En EspaŅol

Q. Who is Mr. Smarty Plants?

A: There are those who suspect Wildflower Center volunteers are the culpable and capable culprits. Yet, others think staff members play some, albeit small, role. You can torture us with your plant questions, but we will never reveal the Green Guru's secret identity.

Help us grow by giving to the Plant Database Fund or by becoming a member

Did you know you can access the Native Plant Information Network with your web-enabled smartphone?

Share

Ask Mr. Smarty Plants

Ask Mr. Smarty Plants is a free service provided by the staff and volunteers at the Lady Bird Johnson Wildflower Center.

Search Smarty Plants
    
 
See a list of all Smarty Plants questions
Can't find the answer in our existing FAQs, submit a question to Mr. Smarty Plants.
Need help with plant identification, visit the plant identification page.
 
rate this answer
Not Yet Rated

Saturday - September 28, 2013

From: Pflugerville, TX
Region: Southwest
Topic: Drought Tolerant, Trees
Title: Native Trees for Pflugerville TX
Answered by: Brigid & Larry Larson

QUESTION:

I'm looking for suggestions on native, drought tolerant conifers that can be located in a Pflugerville landscape under overhead electric lines. Open to Arizona Cypress, but concerned about the height. Not interested in perpetuating the allergies associated with Ashe Juniper? Just trying to find something a little different in a residential landscape and welcome any suggestions. Thanks!

ANSWER:

I have a few suggestions for you depending on which of all the characteristics you can weaken on first.  I searched the database for trees native to Texas that are evergreen and not-so-tall and have a decent number of suggestions!

If you really want conifers, that cuts the list right down!  As you mentioned, Hesperocyparis arizonica (Arizona cypress) showed up, but you might be as interested in the smaller Pinus cembroides (Mexican pinyon) or Pinus edulis (Colorado pinyon pine).  None of these are native to Williamson County, but instead grow farther out in West Texas.

 If you instead can tolerate simply an evergreen, then there are several possible selections.  Arbutus xalapensis (Texas madrone) and Diospyros texana (Texas persimmon) are fully native to Williamson County, are a decent height, and are interesting.  A bit farther out from Williamson County several interesting trees are native.  These include Ilex opaca (American holly), Ilex vomitoria (Yaupon), Leucaena retusa (Goldenball leadtree), and Sophora secundiflora (Texas mountain laurel).

Finally, I hear your reluctance towards Juniperus ashei (Ashe juniper).  I share that!  But, if you want to explore Cedars,  then there are several relatives native to Texas.  Juniperus virginiana (Eastern red cedar) is found closest to Williamson County. Juniperus deppeana (Alligator juniper) and Juniperus flaccida (Weeping juniper) are native a bit farther out.  In any case, these Junipers should not be as hard on the allergic!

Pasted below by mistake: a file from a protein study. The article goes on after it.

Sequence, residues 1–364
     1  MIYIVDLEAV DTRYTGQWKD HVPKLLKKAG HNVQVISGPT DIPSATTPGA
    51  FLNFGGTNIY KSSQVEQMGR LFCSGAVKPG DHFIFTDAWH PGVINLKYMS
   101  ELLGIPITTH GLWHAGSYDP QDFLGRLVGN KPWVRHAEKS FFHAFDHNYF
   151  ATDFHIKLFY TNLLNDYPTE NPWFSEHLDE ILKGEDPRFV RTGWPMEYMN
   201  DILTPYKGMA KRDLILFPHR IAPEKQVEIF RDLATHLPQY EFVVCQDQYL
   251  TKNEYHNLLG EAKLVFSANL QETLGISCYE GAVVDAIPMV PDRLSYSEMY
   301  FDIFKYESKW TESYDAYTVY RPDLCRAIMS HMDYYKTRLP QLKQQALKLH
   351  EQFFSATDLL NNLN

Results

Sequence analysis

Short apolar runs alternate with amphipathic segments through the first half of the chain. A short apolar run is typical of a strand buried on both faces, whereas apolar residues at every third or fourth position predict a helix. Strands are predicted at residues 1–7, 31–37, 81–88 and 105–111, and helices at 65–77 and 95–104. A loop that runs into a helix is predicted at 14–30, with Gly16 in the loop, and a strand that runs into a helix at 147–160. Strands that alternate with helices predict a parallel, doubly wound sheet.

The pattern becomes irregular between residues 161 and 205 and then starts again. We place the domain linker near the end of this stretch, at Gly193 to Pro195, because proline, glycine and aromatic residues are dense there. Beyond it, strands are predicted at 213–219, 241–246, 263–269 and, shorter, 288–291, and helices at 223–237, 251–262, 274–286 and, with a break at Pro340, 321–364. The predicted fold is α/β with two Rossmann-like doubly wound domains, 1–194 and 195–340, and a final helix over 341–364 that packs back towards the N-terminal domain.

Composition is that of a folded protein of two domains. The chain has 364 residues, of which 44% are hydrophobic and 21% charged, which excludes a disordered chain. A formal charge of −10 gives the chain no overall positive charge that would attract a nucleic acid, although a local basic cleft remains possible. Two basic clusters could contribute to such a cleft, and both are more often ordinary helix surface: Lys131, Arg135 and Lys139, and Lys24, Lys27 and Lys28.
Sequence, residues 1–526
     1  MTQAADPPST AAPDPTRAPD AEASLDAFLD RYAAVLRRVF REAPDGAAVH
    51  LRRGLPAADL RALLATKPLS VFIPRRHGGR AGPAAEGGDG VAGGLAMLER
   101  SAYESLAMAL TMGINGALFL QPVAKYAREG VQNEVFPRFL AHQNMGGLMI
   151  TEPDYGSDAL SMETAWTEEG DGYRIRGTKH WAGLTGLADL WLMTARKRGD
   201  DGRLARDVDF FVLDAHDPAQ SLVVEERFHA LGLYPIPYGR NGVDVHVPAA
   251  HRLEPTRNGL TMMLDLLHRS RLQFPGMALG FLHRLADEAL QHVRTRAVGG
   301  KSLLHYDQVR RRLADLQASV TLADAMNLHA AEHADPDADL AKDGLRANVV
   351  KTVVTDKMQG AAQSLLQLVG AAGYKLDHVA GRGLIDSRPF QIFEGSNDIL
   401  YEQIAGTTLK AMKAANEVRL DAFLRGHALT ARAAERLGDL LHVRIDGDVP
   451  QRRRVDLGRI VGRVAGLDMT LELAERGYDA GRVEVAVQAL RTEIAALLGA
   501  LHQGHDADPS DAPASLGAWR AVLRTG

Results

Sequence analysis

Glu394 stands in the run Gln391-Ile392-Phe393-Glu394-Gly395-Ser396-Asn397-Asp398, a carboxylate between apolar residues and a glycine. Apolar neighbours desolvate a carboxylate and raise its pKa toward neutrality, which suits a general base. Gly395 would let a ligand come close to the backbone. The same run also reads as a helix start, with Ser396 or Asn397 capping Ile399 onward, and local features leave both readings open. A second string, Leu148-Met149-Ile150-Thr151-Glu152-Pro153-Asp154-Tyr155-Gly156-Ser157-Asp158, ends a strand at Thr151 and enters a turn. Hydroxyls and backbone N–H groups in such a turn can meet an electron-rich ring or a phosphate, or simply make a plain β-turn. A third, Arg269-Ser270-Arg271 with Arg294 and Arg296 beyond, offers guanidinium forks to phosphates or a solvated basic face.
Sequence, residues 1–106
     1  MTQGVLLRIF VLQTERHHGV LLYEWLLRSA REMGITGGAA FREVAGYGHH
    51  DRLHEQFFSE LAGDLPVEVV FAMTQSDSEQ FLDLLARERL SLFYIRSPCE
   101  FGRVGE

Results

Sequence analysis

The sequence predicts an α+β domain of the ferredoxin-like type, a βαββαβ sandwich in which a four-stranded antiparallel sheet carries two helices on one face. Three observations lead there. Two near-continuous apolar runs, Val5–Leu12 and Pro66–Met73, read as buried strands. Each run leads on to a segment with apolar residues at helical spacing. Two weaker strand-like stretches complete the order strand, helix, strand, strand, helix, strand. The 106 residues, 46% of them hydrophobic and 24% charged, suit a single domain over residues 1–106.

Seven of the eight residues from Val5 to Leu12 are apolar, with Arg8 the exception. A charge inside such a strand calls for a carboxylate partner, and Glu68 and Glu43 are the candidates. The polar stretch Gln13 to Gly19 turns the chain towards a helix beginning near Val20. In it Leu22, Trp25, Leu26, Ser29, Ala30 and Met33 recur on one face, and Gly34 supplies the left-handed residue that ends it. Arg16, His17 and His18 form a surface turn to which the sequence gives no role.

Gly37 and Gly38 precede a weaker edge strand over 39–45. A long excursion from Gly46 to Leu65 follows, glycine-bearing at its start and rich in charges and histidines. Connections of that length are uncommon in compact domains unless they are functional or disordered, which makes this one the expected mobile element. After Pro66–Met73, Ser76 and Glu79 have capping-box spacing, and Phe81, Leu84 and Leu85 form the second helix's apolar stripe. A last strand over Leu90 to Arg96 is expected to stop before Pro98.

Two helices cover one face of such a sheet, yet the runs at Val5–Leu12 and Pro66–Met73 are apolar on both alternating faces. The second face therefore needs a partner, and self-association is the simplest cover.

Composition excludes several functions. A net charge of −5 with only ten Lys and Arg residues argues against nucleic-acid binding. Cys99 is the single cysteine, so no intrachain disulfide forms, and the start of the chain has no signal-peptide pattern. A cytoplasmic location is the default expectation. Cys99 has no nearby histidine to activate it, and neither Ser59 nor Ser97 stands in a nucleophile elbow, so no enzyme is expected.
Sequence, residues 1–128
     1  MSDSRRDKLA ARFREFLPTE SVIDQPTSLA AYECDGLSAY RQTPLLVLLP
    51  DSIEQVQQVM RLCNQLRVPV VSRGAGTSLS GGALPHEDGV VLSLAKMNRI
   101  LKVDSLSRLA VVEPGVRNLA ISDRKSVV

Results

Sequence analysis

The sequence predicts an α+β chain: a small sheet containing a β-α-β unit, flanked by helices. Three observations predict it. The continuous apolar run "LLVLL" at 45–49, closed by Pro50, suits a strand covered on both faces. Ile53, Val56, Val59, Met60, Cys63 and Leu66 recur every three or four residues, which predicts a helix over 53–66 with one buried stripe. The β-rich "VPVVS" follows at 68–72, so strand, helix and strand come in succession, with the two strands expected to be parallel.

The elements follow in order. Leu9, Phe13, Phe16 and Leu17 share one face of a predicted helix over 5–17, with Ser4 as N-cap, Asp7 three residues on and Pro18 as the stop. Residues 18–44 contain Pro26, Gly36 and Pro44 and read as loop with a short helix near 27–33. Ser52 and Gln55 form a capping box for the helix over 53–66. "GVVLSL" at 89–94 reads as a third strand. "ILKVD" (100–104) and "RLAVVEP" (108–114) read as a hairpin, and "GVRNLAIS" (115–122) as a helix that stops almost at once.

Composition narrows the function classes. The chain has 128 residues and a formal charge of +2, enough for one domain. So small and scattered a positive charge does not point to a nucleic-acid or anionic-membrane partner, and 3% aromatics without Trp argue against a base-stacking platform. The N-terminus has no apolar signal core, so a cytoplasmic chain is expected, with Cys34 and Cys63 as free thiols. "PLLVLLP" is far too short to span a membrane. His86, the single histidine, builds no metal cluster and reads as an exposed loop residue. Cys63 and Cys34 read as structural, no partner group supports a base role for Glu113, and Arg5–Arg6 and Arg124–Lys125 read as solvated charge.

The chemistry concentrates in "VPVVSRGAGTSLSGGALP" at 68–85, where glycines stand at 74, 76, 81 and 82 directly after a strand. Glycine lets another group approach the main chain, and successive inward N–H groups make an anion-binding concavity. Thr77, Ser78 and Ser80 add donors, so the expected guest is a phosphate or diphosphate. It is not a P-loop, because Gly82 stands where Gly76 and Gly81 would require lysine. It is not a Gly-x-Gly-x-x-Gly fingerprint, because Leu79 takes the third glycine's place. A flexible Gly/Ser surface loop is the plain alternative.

From the Image Gallery


Colorado pinyon pine
Pinus edulis

Arizona cypress
Hesperocyparis arizonica

Mexican pinyon
Pinus cembroides

Texas madrone
Arbutus xalapensis

Texas persimmon
Diospyros texana

American holly
Ilex opaca

Eastern red cedar
Juniperus virginiana

Alligator juniper
Juniperus deppeana

Weeping juniper
Juniperus flaccida

More Trees Questions

Ground cover under Spruces from West Chester PA
December 06, 2012 - Trying to get a native groundcover (or any grass/wildflower/fern) planting established under a small stand of spruces. Established stand (30+ years old), so lots of needles on ground. Just about tot...
view the full question and answer

How far east to avoid Ashe juniper pollen from Austin?
September 04, 2010 - How far East of San Antonio and Austin do I have to go to avoid the pollen of Juniperus Ashei? Is Bastrop county safe? I'd be happy if it were gone 90% of the winter days - will the wind keep it aw...
view the full question and answer

Freeze-damaged Texas Mountain Laurel in Austin, TX.
May 05, 2011 - I have a Texas Mountain Laurel (Sophora secundiflora) that is several years old. During this past winter, one of the freezes we had split one of the largest trunk right below the soil line. T...
view the full question and answer

When is it time to remove diseased oak trees in Belton, TX?
May 03, 2013 - When to give up on my live oaks. We lost/mostly several live oaks since 2011 and the drought. One, died from the crown, one large mass at a time, and now resembles a 10' totem pole with scraggly gro...
view the full question and answer

Bark problems on Platanus occidentalis (American Sycamore)
May 29, 2008 - I got home today, after two hot sunny days, and found that one of the sycamores (street tree) planted last year (3-4" caliper) has vertically split and peeling bark on the south side of the trunk (la...
view the full question and answer

Smarty Plants's Facebook profile Support the Wildflower Center by Donating Online or Becoming a Member today.

Mr. Smarty Plants wants you to be his Facebook friend. Click the Facebook icon to add yourself to Mr. Smarty Plants list of friends.
E-NEWSLETTER | BECOME A MEMBER | DONATE NOW | MEDIA | SITEMAP
© 2014 Lady Bird Johnson Wildflower Center